So if you have the urge to go faster, or if you’re sharing the road with a speed demon, just let them speed away. Stick to your safe driving habits and get to your destination in one piece.
Another bad driving habit that made it to this list is tailgating. It’s also one of the most dangerous.
When you tailgate, you reduce the safety distance between your vehicle and the one ahead. That means poorer view of the traffic and less time for you to react.
Avoid this bad Filipino driving habit because it won’t end well if the car you’re tailgating suddenly steps on the brakes. Always maintain a safe distance (at least three cars if you’re driving at high speeds or under bad weather conditions). If the car in front is moving too slowly, just safely pass them.
If you’re being tailgated, safely move over and let the tailgater pass. Responding with road rage isn’t an option.
9. Blocking the Pedestrian Lane
First, stopping on a pedestrian lane is illegal. Second, it makes it difficult for people to cross a busy road. Third, it creates a lack of a vantage point should other drivers wish to turn, particularly at intersections.
When you’re approaching a pedestrian lane, decrease your speed. Come to a complete stop when pedestrians are waiting to cross. As long as they’re on a marked crosswalk, they have the right of way.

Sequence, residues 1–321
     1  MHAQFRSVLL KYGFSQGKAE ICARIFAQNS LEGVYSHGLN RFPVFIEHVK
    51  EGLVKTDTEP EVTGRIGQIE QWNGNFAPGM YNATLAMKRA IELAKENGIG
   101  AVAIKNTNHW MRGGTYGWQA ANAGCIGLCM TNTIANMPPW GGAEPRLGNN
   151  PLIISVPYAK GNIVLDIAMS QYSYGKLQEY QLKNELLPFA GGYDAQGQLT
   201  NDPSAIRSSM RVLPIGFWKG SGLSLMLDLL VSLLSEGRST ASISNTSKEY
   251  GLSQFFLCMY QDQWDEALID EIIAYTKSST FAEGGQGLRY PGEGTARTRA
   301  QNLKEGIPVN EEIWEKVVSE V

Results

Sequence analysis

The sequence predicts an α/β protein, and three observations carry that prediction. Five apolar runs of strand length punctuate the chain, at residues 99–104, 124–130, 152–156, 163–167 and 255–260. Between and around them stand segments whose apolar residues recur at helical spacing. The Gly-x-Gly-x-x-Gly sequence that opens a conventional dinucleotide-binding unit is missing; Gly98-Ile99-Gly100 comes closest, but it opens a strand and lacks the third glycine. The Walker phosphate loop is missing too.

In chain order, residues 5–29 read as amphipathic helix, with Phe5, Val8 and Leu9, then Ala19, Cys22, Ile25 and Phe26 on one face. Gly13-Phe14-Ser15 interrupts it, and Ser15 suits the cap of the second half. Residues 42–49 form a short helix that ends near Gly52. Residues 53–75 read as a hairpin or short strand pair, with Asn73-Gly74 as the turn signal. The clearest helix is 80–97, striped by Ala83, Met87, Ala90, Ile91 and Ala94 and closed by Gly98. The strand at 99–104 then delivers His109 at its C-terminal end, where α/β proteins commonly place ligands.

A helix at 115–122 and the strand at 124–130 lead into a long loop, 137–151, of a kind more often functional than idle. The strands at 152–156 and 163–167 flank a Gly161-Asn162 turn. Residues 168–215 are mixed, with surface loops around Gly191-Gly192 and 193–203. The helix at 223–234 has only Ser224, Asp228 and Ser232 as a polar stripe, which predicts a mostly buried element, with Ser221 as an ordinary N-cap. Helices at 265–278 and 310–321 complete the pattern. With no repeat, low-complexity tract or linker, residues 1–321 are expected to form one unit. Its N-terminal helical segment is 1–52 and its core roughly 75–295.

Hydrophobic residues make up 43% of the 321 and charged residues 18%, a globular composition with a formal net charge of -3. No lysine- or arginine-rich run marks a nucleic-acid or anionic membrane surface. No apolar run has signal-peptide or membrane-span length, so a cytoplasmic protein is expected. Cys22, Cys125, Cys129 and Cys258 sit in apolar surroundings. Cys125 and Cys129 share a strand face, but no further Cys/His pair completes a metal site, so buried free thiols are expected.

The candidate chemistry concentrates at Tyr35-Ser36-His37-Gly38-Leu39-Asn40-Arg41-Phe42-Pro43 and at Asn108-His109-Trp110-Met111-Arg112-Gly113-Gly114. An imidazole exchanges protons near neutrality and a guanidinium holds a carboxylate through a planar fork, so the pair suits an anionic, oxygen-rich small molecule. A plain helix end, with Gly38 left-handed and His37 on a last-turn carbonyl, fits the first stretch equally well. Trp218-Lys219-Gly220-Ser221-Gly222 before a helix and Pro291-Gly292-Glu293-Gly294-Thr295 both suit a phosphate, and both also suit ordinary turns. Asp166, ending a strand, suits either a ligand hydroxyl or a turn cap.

Bad drivers in the Philippines do this all the time. Also known as driving against traffic, counterflowing is not only dangerous for you and your passengers. You’re also exposing oncoming vehicles to danger. Not to mention taking away the lane they’re supposed to be using.
In short, it worsens traffic and puts you in a dangerous situation.
Counterflowing also carries a hefty penalty: a ₱2,000 fine and driver's license suspension for three months on your first offense. So if you’re thinking of counterflowing to get a little ahead, don’t. It’s just not worth the hassle.
You’ll share the road with different types of drivers. While most are good drivers, there are also terrible ones who have no business being behind the wheel.
Safe driving starts with you, so keep your full concentration on the road and always follow road rules and traffic laws in the Philippines. More importantly, get covered by car insurance as you’ll never know when you’ll get into an accident due to bad driving habits.
-  Distracted Driving (U.S. National Highway Traffic Safety Administration)
-  Speed Limits (Toll Regulatory Board)